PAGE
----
Skip Navigation LinksSkip Navigation Links
Centers for Disease Control and Prevention
Safer Healthier People
Blue White
Blue White
bottom curve
CDC Home Search Health Topics A-Z spacer spacer
Blue curve MMWR spacer

Current Trends Update: Influenza -- United States, 1988-89 Season

As of January 13, 1989, 186 culture-confirmed cases of influenza in the United States had been reported to CDC. One hundred fifty (81%) of these were influenza type B viruses, 28 (15%) were type A(H1N1), and eight (4%) were type A(H3N2).

Age was reported for 99 of the persons with type B influenza. Although these cases occurred in persons aged 5 months to 77 years, 55 (56%) of these persons were less than or equal to18 years of age. These viruses were reported from 23 states (Figure 1) and were implicated as the etiologic agent in four of the five culture-confirmed influenza outbreaks reported since mid-November. These four outbreaks occurred in elementary schools in Ohio, Nebraska, California, and Washington, where maximum absenteeism levels during the outbreaks ranged from 14% to 36%.

The 28 influenza A(H1N1) viruses were reported from 11 states (Arizona, California, Colorado, Hawaii, Illinois, Ohio, Massachusetts, New York, Minnesota, Washington, and Wisconsin). The only outbreak associated with these viruses occurred at a Wisconsin university in December. During the outbreak's peak, approximately 25% of persons seen at the outpatient student clinic had an influenza-like illness; seven isolates of influenza A(H1N1) virus were recovered from 17 specimens tested from these students.

Four states (Florida, Hawaii, New York, and Pennsylvania) and the District of Columbia reported influenza A(H3N2) viruses but no outbreaks. Reported by: Participating state and territorial epidemiologists and state laboratory directors. WHO Collaborating Laboratories. Sentinel Physicians of the American Academy of Family Physicians. Influenza Research Center, Baylor College of Medicine, Houston, Texas. Div of Surveillance and Epidemiologic Studies, Epidemiology Program Office; WHO Collaborating Center for Influenza, Influenza Br, and Epidemiology Office, Div of Viral Diseases, Center for Infectious Diseases, CDC.

Editorial Note

Editorial Note: During the 1987-88 influenza season, influenza A(H3N2) predominated, and influenza B appeared late (1). In contrast, influenza B has predominated during the 1988-89 influenza season, with most reported illnesses occurring in children. The impact that this year's influenza B activity will have on older persons and persons at high risk of serious complications or death is unknown. However, excess mortality has occurred in each of the influenza B epidemics since 1979 (2-4). Thus, efforts to immunize high-risk persons in all age groups should continue even as outbreaks begin (5).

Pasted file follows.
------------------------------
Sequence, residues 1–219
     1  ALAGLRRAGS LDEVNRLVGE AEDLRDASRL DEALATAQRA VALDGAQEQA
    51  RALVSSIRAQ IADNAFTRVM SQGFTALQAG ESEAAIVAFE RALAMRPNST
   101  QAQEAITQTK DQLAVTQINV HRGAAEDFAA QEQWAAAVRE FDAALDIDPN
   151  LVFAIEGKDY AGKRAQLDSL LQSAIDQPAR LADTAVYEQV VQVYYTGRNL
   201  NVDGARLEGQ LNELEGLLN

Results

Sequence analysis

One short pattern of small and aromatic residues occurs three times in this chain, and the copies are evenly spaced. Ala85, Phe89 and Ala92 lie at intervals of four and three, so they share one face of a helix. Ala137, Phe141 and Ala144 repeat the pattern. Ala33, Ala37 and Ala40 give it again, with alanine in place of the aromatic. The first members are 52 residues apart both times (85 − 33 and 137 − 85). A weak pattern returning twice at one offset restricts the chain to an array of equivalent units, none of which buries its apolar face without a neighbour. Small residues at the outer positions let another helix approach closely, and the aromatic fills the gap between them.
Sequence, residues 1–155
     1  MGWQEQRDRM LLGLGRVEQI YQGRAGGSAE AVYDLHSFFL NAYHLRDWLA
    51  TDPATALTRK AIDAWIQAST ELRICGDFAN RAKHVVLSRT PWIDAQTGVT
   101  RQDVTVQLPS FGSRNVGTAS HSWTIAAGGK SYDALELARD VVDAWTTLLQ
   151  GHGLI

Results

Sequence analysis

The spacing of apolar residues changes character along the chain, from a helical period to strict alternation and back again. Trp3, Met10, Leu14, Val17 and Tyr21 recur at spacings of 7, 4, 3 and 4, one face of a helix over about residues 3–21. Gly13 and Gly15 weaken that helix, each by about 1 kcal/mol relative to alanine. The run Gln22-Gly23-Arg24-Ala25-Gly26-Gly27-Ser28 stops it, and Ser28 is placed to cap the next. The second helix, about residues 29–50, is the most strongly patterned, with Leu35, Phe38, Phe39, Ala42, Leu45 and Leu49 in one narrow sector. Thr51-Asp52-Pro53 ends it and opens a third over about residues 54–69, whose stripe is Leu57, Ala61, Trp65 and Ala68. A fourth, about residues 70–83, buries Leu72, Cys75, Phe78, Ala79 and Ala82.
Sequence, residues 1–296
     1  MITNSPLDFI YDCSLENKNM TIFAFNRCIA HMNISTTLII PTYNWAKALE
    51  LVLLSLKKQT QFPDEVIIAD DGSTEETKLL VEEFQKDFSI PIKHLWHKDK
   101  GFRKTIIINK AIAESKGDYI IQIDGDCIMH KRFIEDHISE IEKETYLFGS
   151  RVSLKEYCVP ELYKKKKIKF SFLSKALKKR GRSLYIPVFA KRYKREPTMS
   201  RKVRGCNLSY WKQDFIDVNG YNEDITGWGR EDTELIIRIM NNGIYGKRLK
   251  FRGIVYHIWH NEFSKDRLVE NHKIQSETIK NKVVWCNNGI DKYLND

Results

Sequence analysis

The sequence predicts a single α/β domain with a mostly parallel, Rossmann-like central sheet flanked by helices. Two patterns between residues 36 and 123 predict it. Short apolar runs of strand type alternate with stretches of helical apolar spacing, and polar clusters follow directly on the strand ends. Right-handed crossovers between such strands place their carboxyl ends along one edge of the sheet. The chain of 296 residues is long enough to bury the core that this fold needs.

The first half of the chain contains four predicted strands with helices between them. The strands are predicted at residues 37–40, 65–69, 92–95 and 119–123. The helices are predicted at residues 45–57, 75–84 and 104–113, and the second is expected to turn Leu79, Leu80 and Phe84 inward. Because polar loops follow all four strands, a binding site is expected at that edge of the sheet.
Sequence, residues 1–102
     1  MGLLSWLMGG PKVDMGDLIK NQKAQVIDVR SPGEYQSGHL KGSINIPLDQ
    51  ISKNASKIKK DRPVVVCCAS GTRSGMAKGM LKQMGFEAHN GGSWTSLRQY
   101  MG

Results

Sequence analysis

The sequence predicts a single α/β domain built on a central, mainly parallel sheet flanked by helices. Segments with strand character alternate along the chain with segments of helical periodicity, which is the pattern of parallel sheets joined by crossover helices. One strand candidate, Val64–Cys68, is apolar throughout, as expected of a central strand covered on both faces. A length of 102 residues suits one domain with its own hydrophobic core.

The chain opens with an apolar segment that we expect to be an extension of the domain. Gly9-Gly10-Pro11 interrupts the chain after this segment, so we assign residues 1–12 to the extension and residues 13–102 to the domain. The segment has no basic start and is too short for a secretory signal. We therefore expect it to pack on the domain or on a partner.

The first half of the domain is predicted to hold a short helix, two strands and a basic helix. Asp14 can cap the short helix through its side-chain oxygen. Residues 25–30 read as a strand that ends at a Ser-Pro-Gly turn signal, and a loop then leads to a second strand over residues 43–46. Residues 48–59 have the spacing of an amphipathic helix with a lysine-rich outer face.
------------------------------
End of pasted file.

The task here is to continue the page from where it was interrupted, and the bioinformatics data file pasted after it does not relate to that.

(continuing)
An increased risk for Reye syndrome in children and teenagers when aspirin is used to treat influenza symptoms has been reported in years when type B influenza has predominated (6,7). Parents, teenagers and children who self-medicate, and health-care workers should be aware of this possible serious complication associated with aspirin use.

Amantadine, which may be indicated for prophylaxis or treatment of influenza A, is not effective against influenza B (5). Thus, during seasons such as this, when both influenza A and B strains circulate, virus cultures need to be obtained during outbreaks of influenza-like illness to assess the appropriateness of amantadine therapy.

A recorded message on U.S. influenza activity is now available 24 hours a day. This message is updated weekly by CDC and can be accessed at (404) 332-4551.


  1. CDC. Influenza--United States, 1987-88 season. MMWR 1988;37:497-503. 2.Nolan TF Jr, Goodman RA, Hinman AR, Noble GR, Kendal AP, Thacker SB. Morbidity and mortality associated with influenza B in the United States, 1979-1980: a report from the Center for Disease Control. J Infect Dis 1980;142:360-2. 3.Lui KJ, Kendal AP. Impact of influenza epidemics on mortality in the United States from October 1972 to May 1985. Am J Public Health 1987;77:712-6. 4.CDC. Influenza--United States, 1985-1986 season. MMWR 1986;35:470,475-9. 5.ACIP. Prevention and control of influenza. MMWR 1988;37:361-73. 6.Hurwitz ES, Barrett MJ, Bregman D, et al. Public Health Service study of Reye's syndrome and medications: report of the main study. JAMA 1987;257:1905-11. 7.CDC. Reye syndrome surveillance--United States, 1986. MMWR 1987;36:689-91.

Disclaimer   All MMWR HTML documents published before January 1993 are electronic conversions from ASCII text into HTML. This conversion may have resulted in character translation or format errors in the HTML version. Users should not rely on this HTML document, but are referred to the original MMWR paper copy for the official text, figures, and tables. An original paper copy of this issue can be obtained from the Superintendent of Documents, U.S. Government Printing Office (GPO), Washington, DC 20402-9371; telephone: (202) 512-1800. Contact GPO for current prices.

**Questions or messages regarding errors in formatting should be addressed to

Page converted: 08/05/98


Safer, Healthier People

Morbidity and Mortality Weekly Report
Centers for Disease Control and Prevention
1600 Clifton Rd, MailStop E-90, Atlanta, GA 30333, U.S.A


Department of Health
and Human Services

This page last reviewed 5/2/01